FAU Opens Investigation On Student Claiming to Have Been Struck By University President
FAU's Division of Student Affairs has opened a student conduct investigation against Stop Owlcatraz, the student protesters who spoke out against the university's decision to name their stadium after private prison operator GEO Group.
Britni Hiatt, who was a part of Stop Owlcatraz, claimed that on March 22, FAU President Jane Saunders clipped the student with her 2011 Lexus GS as she drove out of a campus parking lot during a protest.
The university's online magazine, University Press, held a video interview with Saunders where she addressed the incident and the accusations that she "hit" student protesters with her car and failed to stop.
Saunders tells University Press that she thinks the student protesters owe her an apology.
"I think yes, I think the [the student protesters] over-reacted and they got caught up in the excitement of the moment," Saunders says. "And did things that were not, actually, legal."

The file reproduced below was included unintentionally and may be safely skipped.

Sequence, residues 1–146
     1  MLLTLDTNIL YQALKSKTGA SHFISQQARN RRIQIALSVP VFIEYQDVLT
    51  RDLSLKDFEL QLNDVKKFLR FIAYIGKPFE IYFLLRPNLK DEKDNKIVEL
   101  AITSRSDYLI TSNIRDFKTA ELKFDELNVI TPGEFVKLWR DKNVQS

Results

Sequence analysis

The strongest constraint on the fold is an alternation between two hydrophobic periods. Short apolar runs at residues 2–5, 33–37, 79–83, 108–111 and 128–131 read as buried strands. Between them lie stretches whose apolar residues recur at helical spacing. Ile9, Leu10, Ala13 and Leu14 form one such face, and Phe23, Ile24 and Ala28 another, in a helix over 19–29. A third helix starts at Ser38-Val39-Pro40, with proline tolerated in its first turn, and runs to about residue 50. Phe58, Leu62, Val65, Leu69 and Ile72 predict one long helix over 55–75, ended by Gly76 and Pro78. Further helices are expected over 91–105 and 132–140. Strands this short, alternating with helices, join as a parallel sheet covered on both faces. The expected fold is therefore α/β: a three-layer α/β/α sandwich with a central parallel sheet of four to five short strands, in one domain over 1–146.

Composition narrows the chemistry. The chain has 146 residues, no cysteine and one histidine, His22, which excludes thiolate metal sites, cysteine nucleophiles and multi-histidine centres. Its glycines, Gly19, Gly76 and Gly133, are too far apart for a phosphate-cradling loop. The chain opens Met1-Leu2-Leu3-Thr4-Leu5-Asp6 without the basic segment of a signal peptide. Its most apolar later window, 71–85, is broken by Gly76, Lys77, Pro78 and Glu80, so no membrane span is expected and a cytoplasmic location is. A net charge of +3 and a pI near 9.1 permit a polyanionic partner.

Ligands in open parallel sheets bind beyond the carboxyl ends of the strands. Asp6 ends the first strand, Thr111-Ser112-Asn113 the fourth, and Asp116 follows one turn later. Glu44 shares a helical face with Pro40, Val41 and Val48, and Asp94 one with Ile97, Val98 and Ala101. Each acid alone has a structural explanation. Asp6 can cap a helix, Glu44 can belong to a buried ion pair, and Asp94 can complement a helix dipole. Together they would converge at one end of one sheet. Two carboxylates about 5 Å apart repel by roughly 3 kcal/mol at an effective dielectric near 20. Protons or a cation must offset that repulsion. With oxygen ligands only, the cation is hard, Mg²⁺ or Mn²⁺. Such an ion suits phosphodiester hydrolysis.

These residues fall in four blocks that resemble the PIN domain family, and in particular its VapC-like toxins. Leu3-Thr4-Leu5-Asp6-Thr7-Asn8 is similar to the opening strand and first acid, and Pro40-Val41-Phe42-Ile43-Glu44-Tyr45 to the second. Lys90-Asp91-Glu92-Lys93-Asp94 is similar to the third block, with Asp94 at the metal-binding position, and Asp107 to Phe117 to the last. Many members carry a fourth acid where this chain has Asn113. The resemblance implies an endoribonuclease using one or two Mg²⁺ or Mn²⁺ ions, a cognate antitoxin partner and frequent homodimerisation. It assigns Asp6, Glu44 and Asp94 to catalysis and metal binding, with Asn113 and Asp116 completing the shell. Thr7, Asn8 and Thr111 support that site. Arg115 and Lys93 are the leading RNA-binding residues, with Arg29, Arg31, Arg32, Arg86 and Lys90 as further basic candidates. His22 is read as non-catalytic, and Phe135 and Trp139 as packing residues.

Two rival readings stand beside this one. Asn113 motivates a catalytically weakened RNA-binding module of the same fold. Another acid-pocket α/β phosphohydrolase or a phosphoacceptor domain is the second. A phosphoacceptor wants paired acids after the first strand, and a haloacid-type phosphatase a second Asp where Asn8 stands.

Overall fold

Hiatt's response to Saunders' call for an apology: "For her to say that I owe her an apology is ... very offensive, and confusing for me," she said.
FAU police said that it was Haitt that caused the accident, stating that the student "intentionally stood near a vehicle that was leaving a parking space, which resulted in her being brushed by the right side mirror."
Hiatt had described her treatment by campus police as "victim blaming."
Meanwhile, University Press reports that Dr. Corey King, Dean of Student Affairs, spoke with Hiatt and told her that the investigation is "routine."
"Dr. King assured me there was nothing to worry about," Hiatt said.
The incident now has three separate on-going investigations, with the State's Attorney's Office, FAU campus police and Division of Student Affairs all in the fray, trying to figure out what exactly happened and who is to blame.
Get the This Week's Top Stories Newsletter
Every week we collect the latest news, music and arts stories — along with film and food reviews and the best things to do this week — so that you’ll never miss New Times Broward-Palm Beach's biggest stories.